We envision a future in which the repetitive, manual labor is performed by robots with human overseers. But suppose we are headed for the reverse? Computers are brighter than us, after all. Via Technology Review:
Stephanie Hamilton is part of something larger than herself. She’s part of a computer program.
The 38-year-old resident of Kingston, Jamaica, recently began performing small tasks assigned to her by an algorithm running on a computer in Berkeley, California. That software, developed by a startup called MobileWorks, represents the latest trend in crowdsourcing: organizing foreign workers on a mass scale to do routine jobs that computers aren’t yet good at, like checking spreadsheets or reading receipts.
According to company cofounder Anand Kulkarni, the aim is to get the crowd of workers to “behave much more like an automatic resource than like individual and unreliable human beings.” The value of tasks is set so that workers can reasonably earn $2 to $4 an hour; payments are on a sliding scale, with lower rates for poorer countries.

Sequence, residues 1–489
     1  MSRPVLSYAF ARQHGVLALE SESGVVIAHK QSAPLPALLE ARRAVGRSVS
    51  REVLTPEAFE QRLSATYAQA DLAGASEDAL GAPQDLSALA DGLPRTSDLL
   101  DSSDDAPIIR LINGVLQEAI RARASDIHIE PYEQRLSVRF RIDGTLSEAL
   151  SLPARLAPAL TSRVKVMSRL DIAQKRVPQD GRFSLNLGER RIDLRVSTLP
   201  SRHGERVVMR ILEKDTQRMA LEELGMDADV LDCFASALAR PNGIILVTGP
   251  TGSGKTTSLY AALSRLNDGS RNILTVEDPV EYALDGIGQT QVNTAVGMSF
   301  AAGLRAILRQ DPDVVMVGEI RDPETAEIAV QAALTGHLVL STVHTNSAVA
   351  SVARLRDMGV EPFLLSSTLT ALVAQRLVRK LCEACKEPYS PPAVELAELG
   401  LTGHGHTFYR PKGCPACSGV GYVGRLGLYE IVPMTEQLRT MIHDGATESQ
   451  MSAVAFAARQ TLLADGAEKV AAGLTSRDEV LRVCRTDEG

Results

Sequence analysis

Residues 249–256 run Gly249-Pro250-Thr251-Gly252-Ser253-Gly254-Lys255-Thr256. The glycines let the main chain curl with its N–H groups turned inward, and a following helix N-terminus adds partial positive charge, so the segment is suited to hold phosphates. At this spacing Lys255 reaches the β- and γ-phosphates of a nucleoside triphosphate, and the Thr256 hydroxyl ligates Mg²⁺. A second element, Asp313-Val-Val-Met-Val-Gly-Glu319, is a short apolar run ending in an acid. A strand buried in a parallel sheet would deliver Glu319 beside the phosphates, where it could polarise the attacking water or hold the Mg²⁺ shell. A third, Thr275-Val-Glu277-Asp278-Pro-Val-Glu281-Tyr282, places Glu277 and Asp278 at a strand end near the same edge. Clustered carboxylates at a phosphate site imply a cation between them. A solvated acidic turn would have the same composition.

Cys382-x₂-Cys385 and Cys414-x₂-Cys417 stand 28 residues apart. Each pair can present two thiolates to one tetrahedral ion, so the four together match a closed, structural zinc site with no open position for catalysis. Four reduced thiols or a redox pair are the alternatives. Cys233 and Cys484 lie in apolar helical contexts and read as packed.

The best-known crowd marketplace is Mechanical Turk, which Amazon launched in 2005. The website operates as an online odd-job market where humans earn a few pennies at a time by carrying out low-level, repetitive tasks that machines have difficulty with, such as identifying objects in photographs.
Amazon’s marketplace was a revolutionary idea. Now several startups, including CrowdFlower and CrowdSource, have written software that works on top of Mechanical Turk, adding ways to test and rank workers.